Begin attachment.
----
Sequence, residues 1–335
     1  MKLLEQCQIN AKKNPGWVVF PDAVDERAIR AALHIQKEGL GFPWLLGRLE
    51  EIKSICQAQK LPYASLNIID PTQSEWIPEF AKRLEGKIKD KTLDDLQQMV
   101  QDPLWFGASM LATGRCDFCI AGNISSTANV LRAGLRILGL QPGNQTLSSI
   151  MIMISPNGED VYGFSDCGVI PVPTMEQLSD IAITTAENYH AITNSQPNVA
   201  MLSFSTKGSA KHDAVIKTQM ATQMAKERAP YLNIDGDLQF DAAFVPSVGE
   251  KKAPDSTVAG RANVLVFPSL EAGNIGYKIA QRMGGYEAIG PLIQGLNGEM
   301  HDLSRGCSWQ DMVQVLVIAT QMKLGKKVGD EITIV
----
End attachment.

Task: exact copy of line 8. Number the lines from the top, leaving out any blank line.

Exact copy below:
   301  HDLSRGCSWQ DMVQVLVIAT QMKLGKKVGD EITIV